“IT’S SUPPLY DEPOT TIME!”, I screamed, facing up against a welldrilled Zerg foe. The metronome I’d put together earlier in the week had turned obnoxious to compensate for my pasting at the hands of Monday’s mean man. Anyone walking past the school opposite my house hopefully wouldn’t have heard me yelp “MARAUDERS IN YOUR FACE!” as I took down my opponent’s first expansion, but I was pretty loud.
Wins weren’t guaranteed. I was playing fast and loose with my strategies, testing skits I’d seen performed by pros on my video binge. I tried a Raven-only assault and without the necessary micromanagement, was incinerated by a hugely confused Terran army. I chalked it up to experience. The next game, I incorporated my findings—that three Ravens, one deploying defence drones and two lobbing autoturrets, can clear a base of vestigial defences—and won.
He’d overcommitted. We were playing on the confined Steppes of War map, and my foe had four siege tanks directly outside my base. But they were stuck at the bottom of my blocked ramp, and couldn’t get a firing solution on any of my units.
I sent a Viking to scout, skirting my foe’s major concentration with its huge sight range. I found secondary tanks further back, undefended. Floating further out, I noticed he was gearing up for an expansion. I had to hit all elements simultaneously, while setting up a new base of my own. I started talking to my marines. I was wearing my warlike dressing gown again. This was going to work.
The Banshees hovered above the forward set of tanks, as I loaded a set of marines into a medivac transport. Another medivac picked up a lone tank from my main base and sited it on an overhang watching the gold mineral line. A final medivac picked up four hellion buggies and nosed its way around the corners of the map, studiously avoiding contact with the enemy. Commence operation My Fingers Hurt.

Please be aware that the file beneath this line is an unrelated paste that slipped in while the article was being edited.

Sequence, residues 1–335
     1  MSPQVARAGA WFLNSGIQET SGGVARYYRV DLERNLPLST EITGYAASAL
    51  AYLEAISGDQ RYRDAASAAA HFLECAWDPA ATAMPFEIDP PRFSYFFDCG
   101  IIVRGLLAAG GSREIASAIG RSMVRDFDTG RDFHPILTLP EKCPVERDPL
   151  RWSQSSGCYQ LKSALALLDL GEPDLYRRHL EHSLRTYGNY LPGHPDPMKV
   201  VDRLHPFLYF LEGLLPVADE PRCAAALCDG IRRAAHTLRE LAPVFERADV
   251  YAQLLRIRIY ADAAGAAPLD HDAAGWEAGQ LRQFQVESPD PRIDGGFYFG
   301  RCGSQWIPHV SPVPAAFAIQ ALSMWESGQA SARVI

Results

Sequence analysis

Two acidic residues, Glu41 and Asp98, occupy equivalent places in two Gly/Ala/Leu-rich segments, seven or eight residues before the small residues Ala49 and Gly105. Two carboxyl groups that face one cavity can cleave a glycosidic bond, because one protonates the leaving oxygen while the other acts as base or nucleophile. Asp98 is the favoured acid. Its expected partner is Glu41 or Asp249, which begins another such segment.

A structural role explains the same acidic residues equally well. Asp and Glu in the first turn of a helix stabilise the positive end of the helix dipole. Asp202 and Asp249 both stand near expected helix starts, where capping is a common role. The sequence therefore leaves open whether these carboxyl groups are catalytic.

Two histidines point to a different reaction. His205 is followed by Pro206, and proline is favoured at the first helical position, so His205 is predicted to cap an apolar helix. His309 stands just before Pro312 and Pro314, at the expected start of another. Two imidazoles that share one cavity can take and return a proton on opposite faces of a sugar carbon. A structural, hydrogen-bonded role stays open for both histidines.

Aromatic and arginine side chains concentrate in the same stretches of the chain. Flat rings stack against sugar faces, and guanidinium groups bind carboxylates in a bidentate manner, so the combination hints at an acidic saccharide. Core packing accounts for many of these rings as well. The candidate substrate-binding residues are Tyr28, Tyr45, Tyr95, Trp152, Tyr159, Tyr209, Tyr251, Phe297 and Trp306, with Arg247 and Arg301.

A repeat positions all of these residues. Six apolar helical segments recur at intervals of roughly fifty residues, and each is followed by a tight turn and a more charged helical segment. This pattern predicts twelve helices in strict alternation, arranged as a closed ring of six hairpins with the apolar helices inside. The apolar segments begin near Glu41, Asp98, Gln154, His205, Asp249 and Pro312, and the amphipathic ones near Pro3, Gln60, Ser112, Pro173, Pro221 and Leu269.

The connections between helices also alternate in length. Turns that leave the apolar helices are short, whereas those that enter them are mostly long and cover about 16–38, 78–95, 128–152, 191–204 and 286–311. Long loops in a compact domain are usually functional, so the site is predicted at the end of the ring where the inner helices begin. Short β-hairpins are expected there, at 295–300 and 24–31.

I struck with the Banshees first, twatting the tanks with rockets. Two went down before my foe used a comsat scan. I used the rear medivacs to drop a handful of marines directly onto the remaining tanks. My own tank dug in and fired at the weak SCVs. At the same time, I dropped four hellions directly into his home, their upgraded flamethrowers crippling his economic lifeline. He was dead in the water. “Damn. gg.”
This pattern repeated itself several times throughout the day.
Overnight, I dropped a place to sixth as my peers won victories of their own. That made today’s objective a smidge harder, but my resolve was unswerving: I would, by the end of the day, top my silver division and ascend to gold like a phoenix who’s really good at clicking on little men.
I started my day early to make up the hundred or so points I needed to lead the table. The game looked more beautiful than I’d ever seen it, obvious actions playing out as I anticipated them. A fast expansion went up, and I’d taken it down before my Zerg enemy even got a drone out. My actions per minute were in the high 50s, more than they’ve ever been, but I was calm. Seventeen minutes down the line, I won, and allowed myself a little air fist pump. I must be in fifth now, easily. A little box popped up.
“Congratulations! You have been promoted to the gold league.”
Wait. What? I checked my profile. I checked my ladder ranking. There it was, a glowing yellow octagon denoting my new home. I wasn’t even top of my silver league.
Maybe it’d be the same? I fired up a game. Fourteen minutes in, I was squelched underfoot, someone sixth in their own gold league splitting apart then murdering my entire army with a handful of high templars and some masterful sentry work.
Afterwards, I closed StarCraft 2 and sat in silence for a while. I was scared. I’m still scared of what I’ll find in gold, of who will kill me and how. But, man, am I proud.